Estrogen is absolutely necessary for our physical health. Of note, same also provides the emotional component of a mature gentleman’s sexual being. This is why estrogens must be evaluated and, when necessary, controlled. The “sweet spot” E concentration depends upon SHBG. Rule of thumb is mid-range for both.

  7. #7
    imom is offline Banned
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    My understanding was that the standard test was sufficiently accurate for females with higher levels of E2, but any arithmetic error would become more significant when testing lower concentrations. If your E2 is high for a male then it is within the normal female range, and the test is probably sufficient. If your E2 is low by male standards, then the standard test might have a significant margin of error and you might benefit from the sensitive test. I read this on a lab website - I can try to find this link if anyone's interested.

  8. #8
    100%'s Avatar
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    Quote Originally Posted by imom View Post
    My understanding was that the standard test was sufficiently accurate for females with higher levels of E2, but any arithmetic error would become more significant when testing lower concentrations. If your E2 is high for a male then it is within the normal female range, and the test is probably sufficient. If your E2 is low by male standards, then the standard test might have a significant margin of error and you might benefit from the sensitive test. I read this on a lab website - I can try to find this link if anyone's interested.
    This is not a E2 test it is total Estrogen test.

  9. #9
    FRDave's Avatar
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    Quote Originally Posted by imom
    My understanding was that the standard test was sufficiently accurate for females with higher levels of E2, but any arithmetic error would become more significant when testing lower concentrations. If your E2 is high for a male then it is within the normal female range, and the test is probably sufficient. If your E2 is low by male standards, then the standard test might have a significant margin of error and you might benefit from the sensitive test. I read this on a lab website - I can try to find this link if anyone's interested.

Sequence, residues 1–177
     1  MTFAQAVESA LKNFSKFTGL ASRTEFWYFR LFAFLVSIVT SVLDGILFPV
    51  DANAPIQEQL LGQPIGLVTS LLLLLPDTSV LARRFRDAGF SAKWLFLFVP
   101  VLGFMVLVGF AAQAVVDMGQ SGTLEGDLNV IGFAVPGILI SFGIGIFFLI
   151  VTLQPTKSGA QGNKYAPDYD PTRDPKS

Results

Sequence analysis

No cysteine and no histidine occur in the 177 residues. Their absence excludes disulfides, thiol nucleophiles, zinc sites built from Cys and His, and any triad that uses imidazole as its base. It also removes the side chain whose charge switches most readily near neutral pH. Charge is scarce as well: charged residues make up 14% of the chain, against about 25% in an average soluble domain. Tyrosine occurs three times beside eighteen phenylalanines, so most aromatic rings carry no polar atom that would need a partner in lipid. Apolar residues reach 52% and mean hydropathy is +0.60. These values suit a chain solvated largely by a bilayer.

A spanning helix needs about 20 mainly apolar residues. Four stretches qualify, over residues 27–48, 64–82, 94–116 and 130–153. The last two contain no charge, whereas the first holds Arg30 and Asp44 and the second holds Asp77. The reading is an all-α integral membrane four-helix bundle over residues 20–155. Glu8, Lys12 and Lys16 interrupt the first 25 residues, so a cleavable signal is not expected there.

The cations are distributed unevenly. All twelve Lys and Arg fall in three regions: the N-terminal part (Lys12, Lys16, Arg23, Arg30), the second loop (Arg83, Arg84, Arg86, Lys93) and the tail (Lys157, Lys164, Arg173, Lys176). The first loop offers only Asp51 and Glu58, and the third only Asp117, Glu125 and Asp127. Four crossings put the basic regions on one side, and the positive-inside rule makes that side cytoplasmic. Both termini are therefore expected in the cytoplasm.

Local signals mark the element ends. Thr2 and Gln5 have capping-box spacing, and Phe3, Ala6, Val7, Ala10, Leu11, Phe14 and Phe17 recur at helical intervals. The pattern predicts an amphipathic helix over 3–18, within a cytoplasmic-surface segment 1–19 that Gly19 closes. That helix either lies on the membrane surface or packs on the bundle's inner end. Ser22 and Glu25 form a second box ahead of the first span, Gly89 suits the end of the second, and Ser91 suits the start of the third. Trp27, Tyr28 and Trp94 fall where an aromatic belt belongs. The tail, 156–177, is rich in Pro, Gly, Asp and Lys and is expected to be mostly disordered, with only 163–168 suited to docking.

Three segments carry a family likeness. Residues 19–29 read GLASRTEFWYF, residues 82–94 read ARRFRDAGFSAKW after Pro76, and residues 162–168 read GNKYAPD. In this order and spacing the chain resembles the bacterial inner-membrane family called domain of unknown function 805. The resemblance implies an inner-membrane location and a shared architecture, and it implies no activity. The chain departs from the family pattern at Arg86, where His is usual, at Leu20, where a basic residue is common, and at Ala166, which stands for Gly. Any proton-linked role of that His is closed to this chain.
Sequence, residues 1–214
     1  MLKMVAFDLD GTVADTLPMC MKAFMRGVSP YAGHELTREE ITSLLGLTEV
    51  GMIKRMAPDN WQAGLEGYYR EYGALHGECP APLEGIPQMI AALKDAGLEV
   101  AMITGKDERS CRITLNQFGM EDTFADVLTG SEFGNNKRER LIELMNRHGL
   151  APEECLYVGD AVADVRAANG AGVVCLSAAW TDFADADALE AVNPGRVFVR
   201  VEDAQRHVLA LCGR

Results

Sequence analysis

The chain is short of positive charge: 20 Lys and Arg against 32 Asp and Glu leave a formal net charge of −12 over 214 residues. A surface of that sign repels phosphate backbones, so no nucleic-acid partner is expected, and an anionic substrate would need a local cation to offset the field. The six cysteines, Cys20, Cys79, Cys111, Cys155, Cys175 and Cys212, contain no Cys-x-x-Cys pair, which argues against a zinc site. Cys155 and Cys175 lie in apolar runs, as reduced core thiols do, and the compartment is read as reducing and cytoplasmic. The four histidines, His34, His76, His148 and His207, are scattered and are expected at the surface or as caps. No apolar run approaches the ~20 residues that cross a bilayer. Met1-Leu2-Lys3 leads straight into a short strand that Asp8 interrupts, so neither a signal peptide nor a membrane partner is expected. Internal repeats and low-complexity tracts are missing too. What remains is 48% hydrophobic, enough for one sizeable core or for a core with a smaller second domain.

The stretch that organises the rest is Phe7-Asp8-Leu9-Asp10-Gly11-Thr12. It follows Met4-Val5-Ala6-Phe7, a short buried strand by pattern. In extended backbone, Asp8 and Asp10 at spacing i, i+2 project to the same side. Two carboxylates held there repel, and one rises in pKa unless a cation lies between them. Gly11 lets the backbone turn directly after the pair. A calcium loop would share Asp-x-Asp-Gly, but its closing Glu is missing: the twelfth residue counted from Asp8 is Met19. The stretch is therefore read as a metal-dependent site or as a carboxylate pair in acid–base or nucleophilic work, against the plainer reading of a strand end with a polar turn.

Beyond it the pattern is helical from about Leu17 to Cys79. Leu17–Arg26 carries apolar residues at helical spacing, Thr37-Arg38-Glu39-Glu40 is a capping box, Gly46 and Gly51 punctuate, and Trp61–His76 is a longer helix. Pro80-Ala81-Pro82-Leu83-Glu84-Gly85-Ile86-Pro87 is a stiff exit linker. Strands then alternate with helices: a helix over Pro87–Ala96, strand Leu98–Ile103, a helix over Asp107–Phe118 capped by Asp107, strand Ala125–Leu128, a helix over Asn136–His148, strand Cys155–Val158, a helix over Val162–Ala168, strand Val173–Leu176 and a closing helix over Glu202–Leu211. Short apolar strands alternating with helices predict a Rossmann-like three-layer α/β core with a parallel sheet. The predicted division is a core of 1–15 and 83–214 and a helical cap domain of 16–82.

According to life extensions web site, the standard E2 test is ok for males as the sensitive essay is only more accurate in the lower portion for those whom have low E2.

    The above test I don't not believe is correct and probably total estrogen like mentioned by others.

  10. #10
    Trific's Avatar
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    Your total estrogen test says you are in range for a male, it didn't seem to give a separate scores for just E2....maybe could guess it's fine too but it would be good to get an E2 only test.

    I'd consider 10mg or so more test per week if it was me.

    I wouldn't increase the liquidex at this time.

  11. #11
    Fireguy40 is offline Junior Member
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    Just curious why tou would say to increase the test a little but? Is being in mid 600 5 days after injection not an ideal place to be? I myself was very pleased with these test results as I didnt think that I would have been there 5 days after injection. Does this also mean that for the beginning if the week, that I would be in the 800 range?.

  12. #12
    w8liftr is offline Junior Member
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    Your blood may be good for 5 - 7 days after draw, so could ask your doc to order sensitive e test on same blood.